Morning Ed: Labor {2017.05.31.W}

I get what O’Neill is saying here, but internships aren’t unfair to the interns as much as they are unfair to the people who can’t afford to do internships.

Meet the women who will play Overwatch with you and give you tips… for a price. Also, women who will be your bridesmaid for a while.

Google wants to help people find work. It’s unlikely, but I could see something like this solving a whole lot of problems.

Walter Vaninini wishes we’d stop saying coding is fun. It can be! But he’s right, that it’s not something that should really be sold as such.

The notion that managers’ overestimate how long these will take is simply astonishing to me. Naturally, it matters when they’re pondering hourly wage or salary.

Adam Ozimek is skeptical of everybody works programs. Some of them are just kinks to be worked out, but if you’re all hot-and-bothered about the government supplementing the minimum wage and the incentives that produces, this could be a nightmare for you.

I keep reading articles like this, and but also articles that gigging isn’t much more common than it used to it, if at all. Even so, tying so much to the employers’ doorstep may not be the way to go. st kilda hotels will be the place to visit if you’re looking a perfect hotel for your stay.

A floating hotel that’s giving long-term unemployed valuable employment experience.


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Will Truman is a former professional gearhead who is presently a stay-at-home father in the Mountain East. He has moved around frequently, having lived in six places since 2003, ranging from rural outposts to major metropolitan areas. He also writes fiction, when he finds the time. ...more →

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36 thoughts on “Morning Ed: Labor {2017.05.31.W}

  1. That Spectator article is grating in the way that it seems more occupied with signalling its disapproval of spoiled millennials and smug Labour-ites, but banning unpaid internships is dumb. This is what happens when you make a stubborn insistence on not understanding markets one of the hallmarks of your political identity. I want to say that it’s like treating a symptom, but it’s not even treating the symptom. It’s literally banning the symptom.

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    • The Adam Ozimek posts critiquing the “everybody works” idea links to what I presume is the original proposal, which is on the Center for American Progress web site. And that proposal essentially says that the government ought to take the very progressive step of guaranteeing high paying jobs for folks in economically depressed parts of the country so that those folks will stop voting against progressive candidates.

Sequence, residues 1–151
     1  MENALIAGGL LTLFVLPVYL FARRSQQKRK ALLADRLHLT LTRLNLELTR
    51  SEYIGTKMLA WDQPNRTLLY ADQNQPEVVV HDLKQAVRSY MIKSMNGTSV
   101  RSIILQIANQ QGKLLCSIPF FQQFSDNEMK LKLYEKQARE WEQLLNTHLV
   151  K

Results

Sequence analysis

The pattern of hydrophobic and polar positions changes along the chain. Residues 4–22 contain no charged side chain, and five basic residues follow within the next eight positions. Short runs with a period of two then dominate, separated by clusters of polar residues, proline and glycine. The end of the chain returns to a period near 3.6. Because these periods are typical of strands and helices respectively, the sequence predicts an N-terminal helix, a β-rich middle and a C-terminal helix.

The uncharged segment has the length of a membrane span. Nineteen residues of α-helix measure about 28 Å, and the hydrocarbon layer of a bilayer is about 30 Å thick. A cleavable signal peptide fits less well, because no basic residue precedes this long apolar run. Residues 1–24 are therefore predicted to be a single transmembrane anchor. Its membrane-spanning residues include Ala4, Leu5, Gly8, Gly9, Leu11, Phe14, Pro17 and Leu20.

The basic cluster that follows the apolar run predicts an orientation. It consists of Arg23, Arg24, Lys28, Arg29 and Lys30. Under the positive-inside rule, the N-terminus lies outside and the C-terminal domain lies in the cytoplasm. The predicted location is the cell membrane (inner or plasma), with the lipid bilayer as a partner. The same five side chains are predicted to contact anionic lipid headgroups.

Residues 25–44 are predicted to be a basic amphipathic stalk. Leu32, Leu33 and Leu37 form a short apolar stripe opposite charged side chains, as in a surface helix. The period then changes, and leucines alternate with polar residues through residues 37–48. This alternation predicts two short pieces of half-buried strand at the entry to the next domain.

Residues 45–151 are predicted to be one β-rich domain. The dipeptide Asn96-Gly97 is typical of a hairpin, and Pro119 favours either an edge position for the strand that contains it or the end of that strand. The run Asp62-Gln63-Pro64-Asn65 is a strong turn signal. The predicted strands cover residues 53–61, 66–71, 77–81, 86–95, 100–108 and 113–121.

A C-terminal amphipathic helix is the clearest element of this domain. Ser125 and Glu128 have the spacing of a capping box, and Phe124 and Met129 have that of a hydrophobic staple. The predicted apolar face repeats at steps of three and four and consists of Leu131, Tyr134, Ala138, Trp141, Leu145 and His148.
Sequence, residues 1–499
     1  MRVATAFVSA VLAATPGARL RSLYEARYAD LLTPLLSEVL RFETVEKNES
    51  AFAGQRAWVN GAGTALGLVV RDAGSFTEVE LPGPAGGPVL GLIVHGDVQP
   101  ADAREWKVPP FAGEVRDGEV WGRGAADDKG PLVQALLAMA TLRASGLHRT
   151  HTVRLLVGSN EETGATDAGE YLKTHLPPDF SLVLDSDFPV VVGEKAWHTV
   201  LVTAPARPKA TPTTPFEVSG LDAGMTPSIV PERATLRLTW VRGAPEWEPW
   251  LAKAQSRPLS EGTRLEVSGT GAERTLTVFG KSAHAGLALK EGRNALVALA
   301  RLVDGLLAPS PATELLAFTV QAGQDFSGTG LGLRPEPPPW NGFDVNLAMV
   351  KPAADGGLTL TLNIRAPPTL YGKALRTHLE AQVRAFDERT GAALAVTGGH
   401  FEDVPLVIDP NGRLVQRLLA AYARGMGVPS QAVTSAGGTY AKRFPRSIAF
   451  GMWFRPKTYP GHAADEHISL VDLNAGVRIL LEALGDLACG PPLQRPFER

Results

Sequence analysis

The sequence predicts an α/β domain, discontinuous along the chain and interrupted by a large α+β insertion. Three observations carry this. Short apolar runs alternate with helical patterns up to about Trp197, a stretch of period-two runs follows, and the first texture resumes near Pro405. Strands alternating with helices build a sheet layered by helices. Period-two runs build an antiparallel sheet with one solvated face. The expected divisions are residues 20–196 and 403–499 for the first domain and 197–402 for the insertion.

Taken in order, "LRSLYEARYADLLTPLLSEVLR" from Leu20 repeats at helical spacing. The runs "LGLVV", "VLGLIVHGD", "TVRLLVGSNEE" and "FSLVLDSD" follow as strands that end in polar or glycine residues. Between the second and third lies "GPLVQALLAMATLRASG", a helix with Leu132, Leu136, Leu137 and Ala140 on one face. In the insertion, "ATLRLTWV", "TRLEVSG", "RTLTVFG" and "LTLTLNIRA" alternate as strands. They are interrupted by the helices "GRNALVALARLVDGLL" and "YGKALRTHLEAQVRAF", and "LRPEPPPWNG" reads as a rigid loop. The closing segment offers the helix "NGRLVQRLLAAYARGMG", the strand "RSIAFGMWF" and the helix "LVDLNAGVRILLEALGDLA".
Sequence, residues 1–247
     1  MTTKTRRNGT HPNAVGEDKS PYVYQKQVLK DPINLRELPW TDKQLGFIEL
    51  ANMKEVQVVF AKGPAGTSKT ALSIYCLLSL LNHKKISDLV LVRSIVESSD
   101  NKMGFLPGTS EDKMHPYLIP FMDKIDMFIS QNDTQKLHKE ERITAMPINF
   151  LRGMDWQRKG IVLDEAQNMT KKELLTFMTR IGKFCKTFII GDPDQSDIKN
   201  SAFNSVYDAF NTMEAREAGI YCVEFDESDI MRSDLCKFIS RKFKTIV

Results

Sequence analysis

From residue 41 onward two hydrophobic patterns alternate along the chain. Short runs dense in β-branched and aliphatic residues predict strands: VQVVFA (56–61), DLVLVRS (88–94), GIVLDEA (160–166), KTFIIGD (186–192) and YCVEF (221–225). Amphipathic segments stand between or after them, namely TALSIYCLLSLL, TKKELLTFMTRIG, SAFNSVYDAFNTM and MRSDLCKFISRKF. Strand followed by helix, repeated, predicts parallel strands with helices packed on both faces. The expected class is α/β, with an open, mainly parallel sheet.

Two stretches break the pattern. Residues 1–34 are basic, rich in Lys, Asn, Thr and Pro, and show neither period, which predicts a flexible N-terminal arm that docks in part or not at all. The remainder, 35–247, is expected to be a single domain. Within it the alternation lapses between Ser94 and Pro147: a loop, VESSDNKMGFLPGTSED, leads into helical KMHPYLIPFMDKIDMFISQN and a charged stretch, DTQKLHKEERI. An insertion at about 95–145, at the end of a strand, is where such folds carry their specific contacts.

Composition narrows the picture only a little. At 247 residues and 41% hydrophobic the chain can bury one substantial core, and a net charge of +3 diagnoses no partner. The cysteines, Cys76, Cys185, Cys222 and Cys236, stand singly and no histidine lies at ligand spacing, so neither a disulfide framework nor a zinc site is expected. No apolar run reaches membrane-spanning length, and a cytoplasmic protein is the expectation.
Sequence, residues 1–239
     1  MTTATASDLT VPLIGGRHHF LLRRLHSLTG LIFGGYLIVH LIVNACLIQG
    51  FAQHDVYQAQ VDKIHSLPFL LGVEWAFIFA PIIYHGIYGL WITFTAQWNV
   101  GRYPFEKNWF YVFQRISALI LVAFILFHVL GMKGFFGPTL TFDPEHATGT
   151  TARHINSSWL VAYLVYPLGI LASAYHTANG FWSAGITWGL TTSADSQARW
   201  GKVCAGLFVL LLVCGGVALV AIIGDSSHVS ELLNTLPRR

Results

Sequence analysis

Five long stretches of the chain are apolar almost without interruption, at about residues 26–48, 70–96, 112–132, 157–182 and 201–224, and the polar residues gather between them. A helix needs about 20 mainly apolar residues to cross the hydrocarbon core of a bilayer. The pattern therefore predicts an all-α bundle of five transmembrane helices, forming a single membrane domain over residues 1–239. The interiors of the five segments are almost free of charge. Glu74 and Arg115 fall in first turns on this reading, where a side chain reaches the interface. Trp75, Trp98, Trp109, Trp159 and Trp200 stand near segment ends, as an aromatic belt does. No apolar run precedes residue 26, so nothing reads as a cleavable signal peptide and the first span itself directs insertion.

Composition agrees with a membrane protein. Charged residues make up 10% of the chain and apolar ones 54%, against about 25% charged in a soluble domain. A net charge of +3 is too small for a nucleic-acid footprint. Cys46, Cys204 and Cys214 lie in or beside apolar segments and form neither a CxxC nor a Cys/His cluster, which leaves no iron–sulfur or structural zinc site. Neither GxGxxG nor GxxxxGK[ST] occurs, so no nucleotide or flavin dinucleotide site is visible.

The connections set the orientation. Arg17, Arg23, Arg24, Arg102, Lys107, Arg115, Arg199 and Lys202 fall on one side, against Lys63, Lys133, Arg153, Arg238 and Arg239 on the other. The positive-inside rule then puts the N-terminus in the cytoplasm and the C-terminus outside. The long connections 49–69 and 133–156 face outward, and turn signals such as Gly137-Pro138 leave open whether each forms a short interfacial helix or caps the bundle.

And it’s filled with gems like this:

      We do not yet know the exact reasons for the drop in turnout among young people and black voters.

      Nope, can’t think of any reasons why black folks and young folks didn’t turn out for Hillary in the same numbers that they turned out for Obama. It’s a real mystery.

      When you try to hold onto your priors, even after your priors prove faulty, you end up backwards rationalizing yourself into all sorts of dumb ideas. Call me a cosmo-tarian, neoliberal gloabalist elitist – which I am – but I just don’t think that the best way to fight populism is with more populism.

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  2. Re the “managers” overestimating — note that these were not actual managers, they were random participants that were assigned to the role of “manager” (actually the original study calls them “judges”). Also, they didn’t have to have any particular experience with jigsaw puzzles to be put in that role. So basically this is saying that random people who have no previous experience with a certain task are bad at estimating how long it will take someone else to do. At most, this would suggest that there’s a baseline tendency to overestimate completion times in the absence of any experience — but to provide one datapoint against, that’s contrary to my experience in the software world, where people with no software background consistently underestimate LOE.

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  3. Interns: I rolled my eyes at the “slavery” quote, and I agree with the author on that point. That’s bogus. Now, if they’d couched that in libertarian/anarchist rationale, I’d have agree, but they are using their argument to get paid, not argue a political reality. I’ve had an intern, and I put him to work like any contractor or employee. I WORKED that kid…and he was outstanding. The only thing he lacked was confidence in speaking, but at 18, what do you expect?